One aspect of business valuations that are often difficult for parties to grasp is the sensitivity to the valuation date.
Put extremely, the valuation on one day may not be the same as on the next. This may be a result of significant factors or events that arise between the two valuation dates.
We have recently been involved in a number of business valuations that were significantly and negatively impacted by the current circumstances of the business and actions of management.
One such example was the valuation of a business in the construction industry. We became very familiar with the business over a longer period of time than usual as the parties struggled to agree a settlement. Due to the timing of certain factors that we will discuss below we were instructed to prepare a second valuation of the business some seven months after our initial report.
Historically the business had been displaying growth and generating substantial profits.
However, the future profitability of the company was in jeopardy due to changes in industry regulations, something that the husband was keen to emphasise. This led to the management team adapting the business strategy to diversify into a new market.
“The husband is sitting on a springboard for the generation of significant future products.”
In order to be able to operate in this new market, the business purchased a property at considerable expense, and had even paid a premium as suitable space was in limited supply. The property, however, was not suitable in its original state and, at the point of our valuation, a number of buildings on the site had been demolished. This significantly diminished the market value of the site and consequently the value of the company.
To add to it all, the company was also the subject of a legal claim, the outcome of which was uncertain but, if successful, would negatively impact the value of the company and diminish the value of any goodwill.
When valuing the company there were a number of risks that needed to be considered, risks that were relatively new and that the business could potentially navigate its way past, although its ability to do so was uncertain.
“The company today, as it stands, is worth something on the market to a willing purchaser.”
The wife (who would be transferring her shares to the husband) was concerned that the valuation of the business would be too low as a result of the focus on these factors. She questioned whether more emphasis should be given to the future position of the company, particularly with regard to the potential increase in the value of the property any investment may bring about.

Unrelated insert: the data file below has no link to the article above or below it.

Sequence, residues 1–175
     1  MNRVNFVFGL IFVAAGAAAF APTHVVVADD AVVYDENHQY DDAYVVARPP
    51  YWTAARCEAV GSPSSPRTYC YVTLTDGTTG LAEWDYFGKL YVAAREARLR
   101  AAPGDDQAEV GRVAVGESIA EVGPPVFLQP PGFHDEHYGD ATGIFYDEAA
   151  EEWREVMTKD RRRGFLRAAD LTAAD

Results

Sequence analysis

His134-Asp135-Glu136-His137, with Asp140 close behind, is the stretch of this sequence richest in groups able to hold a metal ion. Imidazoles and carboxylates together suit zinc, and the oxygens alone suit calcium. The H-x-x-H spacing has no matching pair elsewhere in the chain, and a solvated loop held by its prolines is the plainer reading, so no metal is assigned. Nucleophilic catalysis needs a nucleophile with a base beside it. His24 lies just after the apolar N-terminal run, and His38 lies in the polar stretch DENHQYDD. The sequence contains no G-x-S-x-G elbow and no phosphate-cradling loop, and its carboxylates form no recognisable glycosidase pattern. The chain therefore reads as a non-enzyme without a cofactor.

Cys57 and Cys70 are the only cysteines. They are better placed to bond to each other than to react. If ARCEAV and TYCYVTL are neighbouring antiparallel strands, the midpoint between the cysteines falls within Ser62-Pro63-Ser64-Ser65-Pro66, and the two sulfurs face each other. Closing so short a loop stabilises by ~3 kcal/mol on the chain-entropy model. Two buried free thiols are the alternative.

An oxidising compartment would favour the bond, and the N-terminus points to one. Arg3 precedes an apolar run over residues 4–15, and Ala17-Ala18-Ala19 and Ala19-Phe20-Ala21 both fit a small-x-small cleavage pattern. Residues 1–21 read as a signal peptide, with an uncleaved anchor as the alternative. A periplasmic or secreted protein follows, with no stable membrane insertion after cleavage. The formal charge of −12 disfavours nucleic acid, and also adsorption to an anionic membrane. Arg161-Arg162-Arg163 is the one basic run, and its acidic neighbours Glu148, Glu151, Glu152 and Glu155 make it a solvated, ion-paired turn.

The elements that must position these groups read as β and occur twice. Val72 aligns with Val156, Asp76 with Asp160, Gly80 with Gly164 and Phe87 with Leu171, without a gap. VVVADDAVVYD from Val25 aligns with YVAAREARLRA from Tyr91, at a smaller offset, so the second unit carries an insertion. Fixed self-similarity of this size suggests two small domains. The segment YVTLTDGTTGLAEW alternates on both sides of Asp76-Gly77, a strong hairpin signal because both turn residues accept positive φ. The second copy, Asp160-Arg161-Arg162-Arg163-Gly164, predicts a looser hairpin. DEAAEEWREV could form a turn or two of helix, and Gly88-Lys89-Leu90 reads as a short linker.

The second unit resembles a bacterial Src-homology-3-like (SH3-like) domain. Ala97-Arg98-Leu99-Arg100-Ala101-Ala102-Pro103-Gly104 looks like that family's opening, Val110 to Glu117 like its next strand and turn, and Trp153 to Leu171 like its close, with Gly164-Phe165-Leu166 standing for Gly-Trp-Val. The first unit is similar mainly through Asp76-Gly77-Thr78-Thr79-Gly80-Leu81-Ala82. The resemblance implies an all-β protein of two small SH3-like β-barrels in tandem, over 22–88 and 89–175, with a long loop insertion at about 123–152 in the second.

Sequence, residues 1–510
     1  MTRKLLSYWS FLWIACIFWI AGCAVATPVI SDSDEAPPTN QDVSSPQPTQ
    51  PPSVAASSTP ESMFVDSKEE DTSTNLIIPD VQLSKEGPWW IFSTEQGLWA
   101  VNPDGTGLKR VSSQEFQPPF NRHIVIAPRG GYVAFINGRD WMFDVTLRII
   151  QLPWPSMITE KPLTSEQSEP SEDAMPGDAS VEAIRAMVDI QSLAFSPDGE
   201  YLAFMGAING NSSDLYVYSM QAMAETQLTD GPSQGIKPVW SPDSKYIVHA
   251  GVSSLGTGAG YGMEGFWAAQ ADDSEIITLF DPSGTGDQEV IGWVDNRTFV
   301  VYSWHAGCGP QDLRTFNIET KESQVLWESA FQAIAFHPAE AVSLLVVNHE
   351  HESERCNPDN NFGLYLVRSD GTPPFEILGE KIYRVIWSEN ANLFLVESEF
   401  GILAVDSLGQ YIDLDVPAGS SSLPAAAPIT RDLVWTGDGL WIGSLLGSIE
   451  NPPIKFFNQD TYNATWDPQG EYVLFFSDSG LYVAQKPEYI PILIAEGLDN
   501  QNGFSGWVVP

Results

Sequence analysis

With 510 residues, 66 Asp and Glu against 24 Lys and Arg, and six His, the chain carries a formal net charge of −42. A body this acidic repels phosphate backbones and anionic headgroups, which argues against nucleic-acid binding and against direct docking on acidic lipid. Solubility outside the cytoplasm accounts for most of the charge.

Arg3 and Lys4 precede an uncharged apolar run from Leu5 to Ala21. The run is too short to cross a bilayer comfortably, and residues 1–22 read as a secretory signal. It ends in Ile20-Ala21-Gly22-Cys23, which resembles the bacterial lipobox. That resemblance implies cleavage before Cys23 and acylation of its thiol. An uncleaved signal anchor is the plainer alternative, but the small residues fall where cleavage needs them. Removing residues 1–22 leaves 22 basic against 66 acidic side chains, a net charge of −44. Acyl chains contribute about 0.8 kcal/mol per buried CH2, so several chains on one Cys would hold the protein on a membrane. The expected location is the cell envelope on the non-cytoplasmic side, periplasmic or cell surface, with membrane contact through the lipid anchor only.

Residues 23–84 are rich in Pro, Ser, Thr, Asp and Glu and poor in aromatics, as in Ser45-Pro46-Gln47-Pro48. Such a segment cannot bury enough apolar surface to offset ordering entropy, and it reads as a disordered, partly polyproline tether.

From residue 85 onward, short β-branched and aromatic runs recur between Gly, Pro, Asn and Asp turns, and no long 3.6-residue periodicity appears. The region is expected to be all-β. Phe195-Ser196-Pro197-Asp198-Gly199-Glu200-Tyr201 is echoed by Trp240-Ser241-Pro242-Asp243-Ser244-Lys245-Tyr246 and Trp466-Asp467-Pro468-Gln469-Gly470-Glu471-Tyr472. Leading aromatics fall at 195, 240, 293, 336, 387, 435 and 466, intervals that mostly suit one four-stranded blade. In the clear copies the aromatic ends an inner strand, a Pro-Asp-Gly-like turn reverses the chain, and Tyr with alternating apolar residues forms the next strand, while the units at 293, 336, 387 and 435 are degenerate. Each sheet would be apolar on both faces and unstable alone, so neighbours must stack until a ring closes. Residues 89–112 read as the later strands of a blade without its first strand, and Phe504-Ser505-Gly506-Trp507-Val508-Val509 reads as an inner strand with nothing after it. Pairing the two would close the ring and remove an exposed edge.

“On the other hand …where there is risk, there is also reward.”
It is possible, and even probable, that in the future, once all uncertainties are resolved and the necessary investment undertaken, the business will be more valuable. The Judge in the matter appreciated this fact but recognised that we had been instructed to determine the current market value of the business.
“He is receiving an asset which is clearly valuable and may become very much more valuable. That carries uncertainty…”
Emphasis must be placed on the word current and therefore the valuation should reflect the risk to the company as a result of current industry changes and legal claims.
Whilst a valuation on an income basis will consider the potential future performance of the business, assets and liabilities must be valued at their current value rather than potential and unknown future value.
To assess the future value of the property, once developed, it would be necessary to consider the expenditure required as well as the potential future value. A reasonable assumption is that one would equal the other given the uncertainties involved.
Had we valued the business before these risks were known or after they were resolved, we would likely have concluded on a higher valuation (assuming all other factors were the same).
“I found Miss Hart to be a sound and sensible, professional witness who had carefully and thoroughly considered the evidence and come to sensible conclusions.”
In fact, between the first and second valuations, the legal claim had come to nothing and the valuation of the company increased as it had addressed some of the market uncertainties.
In short, we had been instructed to value the company at the worst possible time.
It is not often that we get to see the judgments in the matters in which we are engaged. It was comforting to be able to read how the Judge appreciated the sensitivity of the current valuation in the settlement he proposed.
Quotes in this article were taken from the judgment